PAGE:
Dirty Old London was published in 2014. Lee Jackson’s book tells us how Victorian reformers struggled to stem a rising tide of pollution and dirt. Full of individual stories and overlooked details—from the dustmen who grew rich from recycling, to the peculiar history of the public toilet—this riveting book gives us a fresh insight into the minutiae of daily life and the wider challenges posed by the unprecedented growth of the Victorian capital.
In this blogpost, part of the 50 Years in 50 Books series for our 50th Anniversary, Lee Jackson outlines how the research for a work of historical fiction led him to uncover a wealth of untapped information on everything from dustbins to toilets, which help to tell the story of Dirty Old London.
Article by Lee Jackson
In 1899, a Chinese ambassador was asked what he made of London. Surveying the glories of the great metropolis at the heart of the British Empire, he answered, ‘too dirty’. This laconic verdict was accurate enough. Atmospheric pollution rendered everything black and greasy, even down to the ‘mud’ on streets – a rather euphemistic description of a glutinous layer of horse dung, sticky enough ‘to suck off your boots’. The Victorians prided themselves on being the inventors of ‘sanitary science’. They lauded Joseph Bazalgette as the mid-century creator of a vast network of sewers which had rid the capital of contagious diseases like cholera and typhoid. But immense amounts of filth remained and the East End slums seemed little improved. Jack London, immersing himself in the daily life of Whitechapel to write People of the Abyss, found a city that was ‘helpless, hopeless, unrelieved, and dirty’.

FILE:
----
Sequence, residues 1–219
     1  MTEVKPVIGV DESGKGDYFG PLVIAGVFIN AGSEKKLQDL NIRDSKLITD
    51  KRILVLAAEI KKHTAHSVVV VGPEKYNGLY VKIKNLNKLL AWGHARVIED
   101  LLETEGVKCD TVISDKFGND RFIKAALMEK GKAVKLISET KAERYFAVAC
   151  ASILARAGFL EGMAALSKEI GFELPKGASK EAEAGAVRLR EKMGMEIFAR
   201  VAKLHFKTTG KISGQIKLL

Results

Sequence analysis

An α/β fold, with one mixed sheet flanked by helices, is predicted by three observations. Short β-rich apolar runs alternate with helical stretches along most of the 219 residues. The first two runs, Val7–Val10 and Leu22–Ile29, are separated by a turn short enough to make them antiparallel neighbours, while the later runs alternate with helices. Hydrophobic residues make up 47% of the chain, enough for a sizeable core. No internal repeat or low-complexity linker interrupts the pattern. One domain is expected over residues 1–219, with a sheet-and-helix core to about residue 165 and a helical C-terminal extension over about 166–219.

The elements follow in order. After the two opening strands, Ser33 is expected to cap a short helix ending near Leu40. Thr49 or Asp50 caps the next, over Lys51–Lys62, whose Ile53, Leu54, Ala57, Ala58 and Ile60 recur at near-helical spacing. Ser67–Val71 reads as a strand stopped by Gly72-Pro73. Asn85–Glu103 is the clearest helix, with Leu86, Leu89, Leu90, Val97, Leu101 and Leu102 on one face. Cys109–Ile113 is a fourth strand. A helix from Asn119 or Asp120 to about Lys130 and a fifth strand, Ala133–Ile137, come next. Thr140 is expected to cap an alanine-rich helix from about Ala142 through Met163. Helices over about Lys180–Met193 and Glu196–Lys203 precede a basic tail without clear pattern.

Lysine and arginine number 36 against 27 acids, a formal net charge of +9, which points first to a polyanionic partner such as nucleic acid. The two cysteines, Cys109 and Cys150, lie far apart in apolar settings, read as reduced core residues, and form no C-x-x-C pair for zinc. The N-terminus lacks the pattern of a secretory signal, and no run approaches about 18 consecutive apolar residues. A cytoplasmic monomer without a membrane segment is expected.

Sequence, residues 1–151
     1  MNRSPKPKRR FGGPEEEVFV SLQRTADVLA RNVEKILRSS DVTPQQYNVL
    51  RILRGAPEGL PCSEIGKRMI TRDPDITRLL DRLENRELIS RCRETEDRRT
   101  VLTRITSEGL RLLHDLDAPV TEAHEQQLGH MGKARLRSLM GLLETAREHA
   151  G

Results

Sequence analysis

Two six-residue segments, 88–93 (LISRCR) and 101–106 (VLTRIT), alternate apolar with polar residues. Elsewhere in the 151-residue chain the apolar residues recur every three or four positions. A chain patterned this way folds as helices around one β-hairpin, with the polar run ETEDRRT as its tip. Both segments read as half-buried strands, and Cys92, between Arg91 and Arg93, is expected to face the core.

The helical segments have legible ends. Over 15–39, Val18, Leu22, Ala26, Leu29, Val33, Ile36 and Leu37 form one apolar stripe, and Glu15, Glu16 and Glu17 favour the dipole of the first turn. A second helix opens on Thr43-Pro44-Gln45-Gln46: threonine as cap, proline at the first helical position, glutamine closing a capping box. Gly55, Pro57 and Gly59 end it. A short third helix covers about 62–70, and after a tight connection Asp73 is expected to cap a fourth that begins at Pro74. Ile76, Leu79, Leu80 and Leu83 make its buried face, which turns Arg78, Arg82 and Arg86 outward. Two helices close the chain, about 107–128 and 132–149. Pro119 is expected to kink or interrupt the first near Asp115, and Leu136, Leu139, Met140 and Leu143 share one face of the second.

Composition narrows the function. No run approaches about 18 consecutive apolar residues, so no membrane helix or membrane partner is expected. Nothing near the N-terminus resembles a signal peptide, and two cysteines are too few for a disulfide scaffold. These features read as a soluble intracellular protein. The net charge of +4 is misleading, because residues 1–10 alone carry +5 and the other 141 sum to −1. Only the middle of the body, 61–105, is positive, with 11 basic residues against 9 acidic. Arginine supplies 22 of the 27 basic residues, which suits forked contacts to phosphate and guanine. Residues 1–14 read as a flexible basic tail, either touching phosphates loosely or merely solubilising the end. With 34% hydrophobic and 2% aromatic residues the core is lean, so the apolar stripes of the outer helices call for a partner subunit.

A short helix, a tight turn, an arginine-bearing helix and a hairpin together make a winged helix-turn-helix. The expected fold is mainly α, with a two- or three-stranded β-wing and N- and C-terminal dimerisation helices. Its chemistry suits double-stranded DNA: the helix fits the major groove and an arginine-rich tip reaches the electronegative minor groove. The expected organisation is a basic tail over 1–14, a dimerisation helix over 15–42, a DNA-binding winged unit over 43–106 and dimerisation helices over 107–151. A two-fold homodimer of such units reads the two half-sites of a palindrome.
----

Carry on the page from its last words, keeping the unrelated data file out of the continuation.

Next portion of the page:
The contrast between our image of the Victorians as hygienic reformers and the dire conditions which prevailed at the end of Victoria’s reign provided the impetus to write Dirty Old London. The true story, I would discover, was not a steady Whiggish progress towards a sanitary city, the inevitable product of social science, philanthropy and good governance. The Victorians’ fight against filth, rather, involved a series of stops and starts – and some utter failures – where greed, indifference and self-interest frequently won the day. Moreover, much-vaunted successes – the sewers and schemes to remove domestic rubbish – relied on the age-old sanitary principal of ‘out-of-sight, out-of-mind’. By the end of the century, rubbish was dumped in landfill sites in remoter parts of the Home Counties; sewage sludge, albeit chemically treated, voided into the North Sea, a few miles off Southend. One of the sludge boats was proudly named ‘The Bazalgette’.
I first became interested in Victorian social history whilst writing historical crime fiction, building up my own database of primary sources www.victorianlondon.org (still much used by fellow writers). The factual research, however, always interested me more than the fiction; and I began to cast around for a way of exploring nineteenth century history in more detail. I originally envisaged creating a series of e-books about Victorian jobs, starting with the humble dustman and other dirty trades – something that might appeal to family historians. But I soon realised there was a wealth of untapped information about the likes of rubbish collection, street cleaning, sewers, burials and slums, both in public archives and online. Indeed, online resources were particularly important. A vast number of Victorian newspapers have been digitised in the last couple of decades, revealing astonishing amounts of detail for the budding social historian. Dirty Old London took me a couple of years to research and write – whereas, without digital tools, it would have taken years longer.